Another one for the “I appreciate the significance and how other people would love this, but I was bored to death” pile.  The Silence is a really visually striking movie, and sometimes Bergman uses those coldly austere and studiously composed angular visuals for genuine character-centric storytelling.  There’s this shot when Anna hears Esther crying on the other side of the door, shrouded in meticulously arranged shadow, and she lets this particularly spiteful grin peek past the shadow’s edges that stuck with me especially.  But, on the legitimate complaint front, Bergman’s… measured pacing too often crosses over into outright tedious stalling; even at 91 minutes, I think this dragged, there’s maybe 65 mins worth of narrative and metaphor at best.  Meanwhile, the horror undertones mainly manifest in reductive shorthand that has not aged well.  Most obviously there’s the recurring business with the performing dwarf troupe which seems to serve no purpose besides creating a false sense of weirdness from their mere presence as short people, but I also found the usage of sex to be disappointingly conventional and judgemental after hearing about its bold frankness?  Sex in Silence is the province of selfish broken embittered trainwrecks and displayed in a very judgy miserablist manner that’s hardly profound even for the stuff from the time I’ve seen.

Other than those, my hang-ups are built on personal taste.  There’s just something about the intentional disconnect between the cold and borderline-animatronic design of the shots, sets and blocking of the film’s visuals, and the bursts of hysterical unrestrained ACTING from the performers in movies like The Silence that I just cannot get past.  To me, particularly in conjunction with just how relentlessly miserable the narratives can be, it often comes off as kinda silly.  (Not pretentious, because films like these often do function as cohesive character and thematic studies, but silly.)  I can find myself wondering why I’m supposed to care, why I’m supposed to buy the emotional truths of these characters, and doubly so when the desire to emphasise ambiguity and everything being a freely-interpretive metaphor overrides that emotional narrative as it does here.  Given my perpetual crippling fear of death and abandonment, I should’ve been caught in a shaken rapture by that last scene of Ester on the bed as she’s abandoned by Anna and Johan, but I was completely unmoved.

Some of this might just be my worldview.  I’m not opposed to arty mega-bummers, but they need to get that balance just right to prevent what happened here.  About 55 minutes in, I found myself checking Stereogum to pass the time, saw that Rolling Blackouts Coastal Fever announced their sophomore LP, then got their last single stuck in my head on loop whilst going “oh, that album is gonna slap!” instead of properly paying attention; that’s how little I was hooked.  Like I said, it’s not entirely The Silence‘s fault and I’m looking forward to trying more Bergman films – guy’s made A LOT of them so law of averages dictates at least some can strike that balance of doing their damn thing whilst not causing my brain to jump to decades of cartoon parodies about arty foreign cinema (usually riffing on Bergman).  But I just really did not care about any part of this one.  Sorry.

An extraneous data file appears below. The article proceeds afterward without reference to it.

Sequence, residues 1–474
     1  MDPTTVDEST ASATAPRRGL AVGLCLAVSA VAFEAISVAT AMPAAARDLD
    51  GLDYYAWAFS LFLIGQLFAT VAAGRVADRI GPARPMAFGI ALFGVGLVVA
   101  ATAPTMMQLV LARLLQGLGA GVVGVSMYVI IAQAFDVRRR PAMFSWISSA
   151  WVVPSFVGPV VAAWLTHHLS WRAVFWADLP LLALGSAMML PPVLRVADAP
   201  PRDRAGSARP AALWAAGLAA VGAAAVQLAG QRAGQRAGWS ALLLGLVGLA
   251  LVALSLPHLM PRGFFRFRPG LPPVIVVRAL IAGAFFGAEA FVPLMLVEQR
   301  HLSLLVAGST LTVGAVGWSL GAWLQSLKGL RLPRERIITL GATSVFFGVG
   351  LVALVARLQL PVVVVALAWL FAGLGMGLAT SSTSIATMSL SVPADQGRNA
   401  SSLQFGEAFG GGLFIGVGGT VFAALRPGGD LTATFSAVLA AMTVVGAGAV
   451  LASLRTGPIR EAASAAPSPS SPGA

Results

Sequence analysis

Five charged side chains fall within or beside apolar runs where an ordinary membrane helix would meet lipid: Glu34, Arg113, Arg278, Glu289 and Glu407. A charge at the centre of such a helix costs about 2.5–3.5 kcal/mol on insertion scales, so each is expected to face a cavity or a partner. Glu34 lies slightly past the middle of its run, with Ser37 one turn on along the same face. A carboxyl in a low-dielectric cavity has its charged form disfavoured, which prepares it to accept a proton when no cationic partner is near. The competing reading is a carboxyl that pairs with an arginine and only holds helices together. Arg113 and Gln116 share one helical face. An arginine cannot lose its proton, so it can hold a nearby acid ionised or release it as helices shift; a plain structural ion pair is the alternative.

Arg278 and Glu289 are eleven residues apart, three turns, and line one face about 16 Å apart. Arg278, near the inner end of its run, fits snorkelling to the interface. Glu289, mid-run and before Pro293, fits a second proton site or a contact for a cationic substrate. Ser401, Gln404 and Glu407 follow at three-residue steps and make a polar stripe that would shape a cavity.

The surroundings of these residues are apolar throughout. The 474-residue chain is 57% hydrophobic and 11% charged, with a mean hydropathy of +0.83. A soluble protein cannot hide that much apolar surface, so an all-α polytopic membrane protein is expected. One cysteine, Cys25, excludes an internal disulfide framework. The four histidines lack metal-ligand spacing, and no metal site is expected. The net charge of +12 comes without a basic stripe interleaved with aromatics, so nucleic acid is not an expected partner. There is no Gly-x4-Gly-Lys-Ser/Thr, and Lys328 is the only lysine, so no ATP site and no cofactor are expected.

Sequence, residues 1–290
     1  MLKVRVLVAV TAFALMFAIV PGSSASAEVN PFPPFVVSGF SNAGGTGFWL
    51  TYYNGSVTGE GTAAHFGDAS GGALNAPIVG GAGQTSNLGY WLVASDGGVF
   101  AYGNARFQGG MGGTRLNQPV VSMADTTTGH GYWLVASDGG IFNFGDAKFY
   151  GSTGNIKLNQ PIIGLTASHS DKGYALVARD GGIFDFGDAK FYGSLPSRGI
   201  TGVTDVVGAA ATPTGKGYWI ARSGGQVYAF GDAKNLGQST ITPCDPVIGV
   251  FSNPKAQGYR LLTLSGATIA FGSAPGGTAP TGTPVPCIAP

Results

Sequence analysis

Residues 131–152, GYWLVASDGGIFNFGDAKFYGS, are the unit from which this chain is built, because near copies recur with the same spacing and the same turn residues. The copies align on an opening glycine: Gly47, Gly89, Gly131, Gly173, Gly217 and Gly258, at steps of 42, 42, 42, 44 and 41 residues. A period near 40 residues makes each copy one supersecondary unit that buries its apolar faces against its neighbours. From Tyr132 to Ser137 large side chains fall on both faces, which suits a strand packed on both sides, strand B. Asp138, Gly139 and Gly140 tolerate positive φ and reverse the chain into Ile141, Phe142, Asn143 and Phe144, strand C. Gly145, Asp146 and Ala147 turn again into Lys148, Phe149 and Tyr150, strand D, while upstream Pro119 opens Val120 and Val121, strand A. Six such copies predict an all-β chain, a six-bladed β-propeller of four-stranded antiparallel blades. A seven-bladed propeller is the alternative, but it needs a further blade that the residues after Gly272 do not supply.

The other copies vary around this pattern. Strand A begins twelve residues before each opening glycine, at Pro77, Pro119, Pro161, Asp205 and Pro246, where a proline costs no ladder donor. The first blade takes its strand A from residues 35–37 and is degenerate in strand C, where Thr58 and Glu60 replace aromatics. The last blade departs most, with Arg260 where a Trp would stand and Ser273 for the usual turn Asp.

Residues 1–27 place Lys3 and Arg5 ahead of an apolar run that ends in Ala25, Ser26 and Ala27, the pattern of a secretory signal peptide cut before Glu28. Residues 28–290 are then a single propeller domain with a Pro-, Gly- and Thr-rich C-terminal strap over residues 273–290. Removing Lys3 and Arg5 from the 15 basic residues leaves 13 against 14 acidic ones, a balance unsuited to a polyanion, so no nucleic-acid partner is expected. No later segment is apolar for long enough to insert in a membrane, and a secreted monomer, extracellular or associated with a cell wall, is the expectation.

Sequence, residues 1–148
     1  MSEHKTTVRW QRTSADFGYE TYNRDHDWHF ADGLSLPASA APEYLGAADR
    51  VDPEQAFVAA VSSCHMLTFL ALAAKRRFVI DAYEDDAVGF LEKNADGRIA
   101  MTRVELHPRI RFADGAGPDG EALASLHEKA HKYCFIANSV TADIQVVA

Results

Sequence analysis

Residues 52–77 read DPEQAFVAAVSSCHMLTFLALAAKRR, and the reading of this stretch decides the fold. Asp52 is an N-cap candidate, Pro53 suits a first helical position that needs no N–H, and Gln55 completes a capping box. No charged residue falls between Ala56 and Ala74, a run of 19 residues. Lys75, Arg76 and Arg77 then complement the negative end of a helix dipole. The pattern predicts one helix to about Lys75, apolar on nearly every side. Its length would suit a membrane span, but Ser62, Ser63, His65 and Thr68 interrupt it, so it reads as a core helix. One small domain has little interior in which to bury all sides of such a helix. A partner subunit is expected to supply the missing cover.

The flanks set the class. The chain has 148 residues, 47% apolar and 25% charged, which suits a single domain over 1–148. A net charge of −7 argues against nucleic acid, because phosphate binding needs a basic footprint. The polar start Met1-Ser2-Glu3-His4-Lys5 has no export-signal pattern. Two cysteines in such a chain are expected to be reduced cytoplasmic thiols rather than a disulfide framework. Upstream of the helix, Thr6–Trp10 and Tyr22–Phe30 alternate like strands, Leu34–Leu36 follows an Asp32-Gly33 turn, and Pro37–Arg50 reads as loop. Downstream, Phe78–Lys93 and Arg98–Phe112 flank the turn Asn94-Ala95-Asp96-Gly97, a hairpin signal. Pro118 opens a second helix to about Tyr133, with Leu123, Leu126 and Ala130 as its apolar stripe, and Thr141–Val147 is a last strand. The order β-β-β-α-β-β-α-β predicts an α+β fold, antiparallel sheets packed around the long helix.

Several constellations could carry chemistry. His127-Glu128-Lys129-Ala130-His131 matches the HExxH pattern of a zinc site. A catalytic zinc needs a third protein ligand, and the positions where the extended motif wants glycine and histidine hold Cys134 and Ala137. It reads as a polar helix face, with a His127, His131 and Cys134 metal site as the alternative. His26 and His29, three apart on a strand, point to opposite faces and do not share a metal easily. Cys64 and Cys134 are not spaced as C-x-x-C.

Bound [Wednesday 1st April]

Dirs: The Wachowski Sisters

Year: 1996

First-time viewing

I went onto the Girls on Tops site the other day to see if, now that I have enforced disposable income due to the pandemic going on, I could get myself one of their shirts with “THE WACHOWSKI SISTERS” emblazoned… only to find that no such shirt exists and there’s no submission form or anything to ask for one!  This is a personal attack against me and I will not stand for it!  Lana and Lily are the greatest and I love them and I want a shirt that can demonstrate my adoration for the rest of my likely minimal days!  Whichever web store can do that for me is getting my money first thing the morning after it goes up for sale, not kidding.

Jesus, Bound is so fucking great, you guys!  It can be very easily forgotten since the duo spent their careers afterwards immersing themselves in massively ambitious (and at times unwieldy) CG morasses and diving straight for the kind of earnest cheese which can turn some folks off, but the Wachowski Sisters can direct a fucking movie.  From frame one, this thing oozes palpable black comic noir style and a constant sense of forward momentum and propulsion as the pair find themselves working in simpatico with cinematographer Bill Pope – perhaps not surprisingly, Pope, editor Zach Steinberg and composer Don Davis all reteamed with the Sisters for The Matrix – to subtly and ingeniously queer the typically hypermasculine lens of both noir and exploitation cinema.  It never feels locked down to a miniscule budget, the vast majority of the action taking place in two apartments and three rooms total, and the thrill of watching the various dominoes that the Sisters’ airtight script set-up and knock down in both expected and brilliantly unexpected ways is giddy-inducing.  I can’t even deploy the old cliché “you can cut the tension with a knife” because the tension was so damn thick; I was borderline screaming mentally during that redial bit!  And I have not seen better performances out of that main trio in anything else; they play their parts to perfection, camping it up just the right amount like a classic 40s noir.